From the abstract for Michele Beardslee DeStefano, The Law Firm Chief Innovation Officer: Goals, Roles, and Holes (2018):
So many lawyers are sick of hearing that they must “innovate or die,” yet their clients call for innovation continues to be loud; and, although not clear, it is clearly resounding. Demand for innovation is old news; now, clients are going even further – requesting in pitch proposals (RFPs) that law firms demonstrate how they have innovated or how they will innovate or be innovative. Even those clients who do not use what might be better called ‘the i-word’ ask for it in other forms, including demanding cheaper, better, faster, services or asking for ‘collaboration’ within the firm, or with other competing law firms or legal services companies on projects and panels. Even more compelling evidence for the magnitude of this call? Clients who say they value innovation by their law firms and reward it or, worse yet, punish firms without it. General Counsels (GCs) have been consistent and clear: “If you don’t want to be an innovation partner with [them], then [they] are going to be inclined not to give you business.” In other words, collaboration towards innovation is no longer a higher standard – it is quickly becoming the standard requirement. True, as I have argued in my book Legal Upheaval: A Guide to Creativity, Collaboration, and Innovation in Law, many clients have not been clear as to what they mean by innovation, nor have they quite figured out how to measure it. True, many law firms are unsure what they or their clients mean by innovation or what the ROI is on investing in innovation. But these – and other – ambiguities have not stopped law firms from answering their clients’ call by investing (in some way, shape or form) in innovation.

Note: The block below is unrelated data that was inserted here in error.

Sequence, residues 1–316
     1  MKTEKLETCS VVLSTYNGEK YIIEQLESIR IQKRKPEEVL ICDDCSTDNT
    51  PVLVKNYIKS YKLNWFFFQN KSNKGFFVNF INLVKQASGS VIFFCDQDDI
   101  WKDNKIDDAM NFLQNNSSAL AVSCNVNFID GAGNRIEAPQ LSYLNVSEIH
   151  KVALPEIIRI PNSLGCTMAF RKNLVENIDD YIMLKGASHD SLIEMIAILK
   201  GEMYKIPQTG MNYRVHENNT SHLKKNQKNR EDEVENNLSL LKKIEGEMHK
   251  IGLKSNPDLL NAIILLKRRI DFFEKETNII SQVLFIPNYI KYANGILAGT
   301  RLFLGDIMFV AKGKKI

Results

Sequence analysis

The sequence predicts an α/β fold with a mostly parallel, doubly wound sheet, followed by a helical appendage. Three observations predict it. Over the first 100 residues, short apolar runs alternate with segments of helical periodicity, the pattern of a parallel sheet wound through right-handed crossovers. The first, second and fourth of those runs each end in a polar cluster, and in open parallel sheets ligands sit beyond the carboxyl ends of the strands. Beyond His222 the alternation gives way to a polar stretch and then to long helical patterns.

One way law firms are answering this call is by appointing, identifying or hiring someone in the role of what is sometimes called, the chief innovation officer (CINO), or some other title that signifies this person is the head of innovation. The very first time I heard of the role of CINO at a law firm was in April 2015. Inspired, I decided to investigate. Over the past couple years, I have interviewed more than 100 GCs, heads of innovation at law firms, and law firm partners to uncover what is meant by the hackneyed i-word in the law market, to understand lawyers’ views of innovation, and to explore the role of the CINO at law firms. One of the many questions I sought to answer was whether designating someone as the head of innovation at a law firm is an effective way to meet changing marketplace demands and satisfy clients’ expectations. This article explores that question along with others concerning the CINO role. It is divided into two parts. This part, Part 1, begins by overviewing the goals and roles of a law firm CINO as described to me by my interviewees. Part 2, to be published in January 2019, highlights the holes that I believe exist within and between the goals and the roles. It concludes by providing three recommendations to law firms to help mend the holes so that the roles are better leveraged and the goals are better met.